“We don’t understand the power of nature and the world because we don’t live with it. Our environment is designed to sustain us. We are the domestic pets of a human zoo called civilization.”
“Survival is the celebration of choosing life over death. We know we’re going to die. We all die. But survival is saying: perhaps not today. In that sense, survivors don’t defeat death, they come to terms with it.”
I developed the idea that to survive, you must be annealed in the fires of peril…
Nature just IS. It’s neither against us nor it is with us. Our inner world, however, may be very decisively against us at a time when we need to gather everything we have — in, out and beside — to survive in dire circumstances.
That’s pretty much what I’ve got from paging through this book. Generally, I’m not a fan of “how-to” books, even it’s a book about survival.
The idea of a book is this: Since Nature IS, WAS and WILL BE, we are not in control of it. Not fully, at any rate. What we CAN TRY to control is our inner world, thus preparing us to meet adversity and confront our circumstances. Increase our chances of survival is what we can train ourselves to do. And hope, of course, we’ll never need those skills.
Interspersed among numerous true stories is the survivor’s mantra:
- COUNT YOUR BLESSINGS (be grateful – you are alive)
- BELIEVE THAT YOU WILL SUCCEED (develop a deep conviction that you’ll live)
- SURRENDER (let go of your fear of dying; “put away the pain”)
- SEE THE BEAUTY (remember: it’s a vision quest)
- PLAY (sing, play mind games, recite poetry, count anything, do mathematical problems in your head)
- DO WHATEVER IS NECESSARY (be determined; have the will and the skill)
- STAY CALM (use humor, use fear to focus)
- THINK/ANALYZE/PLAN (get organized; set up small, manageable tasks)
- TAKE CORRECT, DECISSIVE ACTION (be bold and cautious while carrying out tasks)
Survivors have meta-knowledge: They know their abilities and do not over- or underestimate them. They believe that anything is possible and act accordingly.
- CELEBRATE YOUR SUCCESS (take joy in completing tasks)
Gonzales talks about the mental stages of being lost. Physically lost. In real peril. Interesting that young children, ages of 1-6, statistically have the highest survival rates. The author notes that this startling fact is fully consistent with survival psychology/neurology.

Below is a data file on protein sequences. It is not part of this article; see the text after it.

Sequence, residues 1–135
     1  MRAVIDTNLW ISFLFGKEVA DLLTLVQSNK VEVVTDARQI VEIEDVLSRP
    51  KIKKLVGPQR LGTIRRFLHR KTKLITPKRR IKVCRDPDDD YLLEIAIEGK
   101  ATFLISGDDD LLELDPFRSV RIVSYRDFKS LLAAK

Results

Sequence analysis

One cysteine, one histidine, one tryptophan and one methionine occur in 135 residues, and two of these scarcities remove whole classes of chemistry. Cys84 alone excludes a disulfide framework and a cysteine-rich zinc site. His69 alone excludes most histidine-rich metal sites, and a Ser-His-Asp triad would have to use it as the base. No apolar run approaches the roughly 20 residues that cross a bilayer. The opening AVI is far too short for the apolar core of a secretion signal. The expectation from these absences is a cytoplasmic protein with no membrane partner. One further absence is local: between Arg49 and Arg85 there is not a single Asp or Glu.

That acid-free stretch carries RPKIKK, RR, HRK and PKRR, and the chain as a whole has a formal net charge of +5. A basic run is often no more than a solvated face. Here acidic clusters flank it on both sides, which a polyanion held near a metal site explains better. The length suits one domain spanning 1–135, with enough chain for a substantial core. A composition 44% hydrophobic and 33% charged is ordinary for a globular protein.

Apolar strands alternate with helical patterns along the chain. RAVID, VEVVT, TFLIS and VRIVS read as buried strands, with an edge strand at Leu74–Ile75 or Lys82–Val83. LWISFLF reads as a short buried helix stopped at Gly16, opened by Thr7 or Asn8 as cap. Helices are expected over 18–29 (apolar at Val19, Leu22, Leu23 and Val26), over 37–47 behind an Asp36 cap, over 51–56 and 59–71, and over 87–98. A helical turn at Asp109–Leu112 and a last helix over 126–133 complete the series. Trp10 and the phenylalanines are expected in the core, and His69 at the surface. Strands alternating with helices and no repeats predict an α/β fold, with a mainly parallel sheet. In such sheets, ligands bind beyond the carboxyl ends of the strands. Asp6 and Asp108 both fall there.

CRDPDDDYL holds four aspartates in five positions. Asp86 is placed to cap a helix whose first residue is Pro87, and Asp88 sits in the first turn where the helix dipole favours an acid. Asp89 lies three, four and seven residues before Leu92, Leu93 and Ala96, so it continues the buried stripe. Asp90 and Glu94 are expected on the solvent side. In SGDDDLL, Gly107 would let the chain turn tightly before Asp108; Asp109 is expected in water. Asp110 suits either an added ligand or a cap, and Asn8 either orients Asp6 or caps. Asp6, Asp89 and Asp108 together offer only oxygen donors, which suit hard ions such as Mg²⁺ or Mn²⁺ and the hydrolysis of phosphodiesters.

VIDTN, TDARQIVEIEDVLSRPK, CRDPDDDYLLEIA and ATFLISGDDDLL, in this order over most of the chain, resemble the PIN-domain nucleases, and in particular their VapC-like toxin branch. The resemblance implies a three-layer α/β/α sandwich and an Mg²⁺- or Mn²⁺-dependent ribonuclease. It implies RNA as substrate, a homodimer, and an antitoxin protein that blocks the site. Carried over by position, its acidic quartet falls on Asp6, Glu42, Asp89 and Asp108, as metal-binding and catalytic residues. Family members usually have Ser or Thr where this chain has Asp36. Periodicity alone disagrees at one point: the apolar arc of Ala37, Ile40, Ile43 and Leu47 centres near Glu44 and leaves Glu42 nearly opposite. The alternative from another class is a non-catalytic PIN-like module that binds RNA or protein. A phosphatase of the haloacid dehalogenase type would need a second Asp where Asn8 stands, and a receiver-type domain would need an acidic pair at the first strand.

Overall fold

People who cared to review Deep Survival admit to applying this wisdom while traveling, embarking on adventures, outdoor activities or vacations involving more than lounging by the pool. Some say it’s the best how-to book they’ve ever read.
I‘d rather talk of some shotrcomings that I’ve noticed, and I wasn’t the only one. I like pictures in how-to books. Pictures in this post, with exception of the image of the book and the visage of Mr. Gonzales, didn’t come from the book. Just like me, others complain:
I wish this book contained the pictures of the locale of disasters and potential disasters. The lesson that we consistently underestimate nature would be very effective to show an inviting picture of a Hawaiian beach and a caption stating that swimming on this beach will kill you. (Godfrey T. Degamo)
The author’s references to oneness with the world, the separateness of the nature world that IS, and the importance of having a highly private world in the soul of the survivor almost in the same breath gets somewhat confusing, if not altogether confusing.
One of Gonzales’ mountaineer-survivors cuts his friend’s rope to save his own life. How about empathy for those injured? Would you be enthusiastic to climb the mountains with a survivor like this guy?
The same reviewer has this to say:
I sometimes wish Gonzales would tone his prose down. Survivors may be the ‘real heroes’, but we need all personalities for our species to survive; from the survivors to the martyrs to the techno-geeks which make the med kits and the radios that rescue survivors. Ultimately, nature doesn’t give a damn if you are a survivalist or not.
Interestingly, the two climbers in the rope cutting incident survived, and continue to climb. It’s not mentioned whether the climbers have climbed together since.
Luck. Gonzales doesn’t talk about it much. In addition to the strengthened inner world (and reading Gonzales’ book) — we do need luck. If Mother Nature is capricious and unpredictable, if you aren’t sure about your partner, then luck or absence of it could mean a difference between life and death.
Speaking of survival, update: 10 minutes after I posted this, virtually in my neighborhood, this happened yesterday and isn’t over yet. I hope the boy survives.
Update: The teenager from Canada survived. It was 100% luck that he did.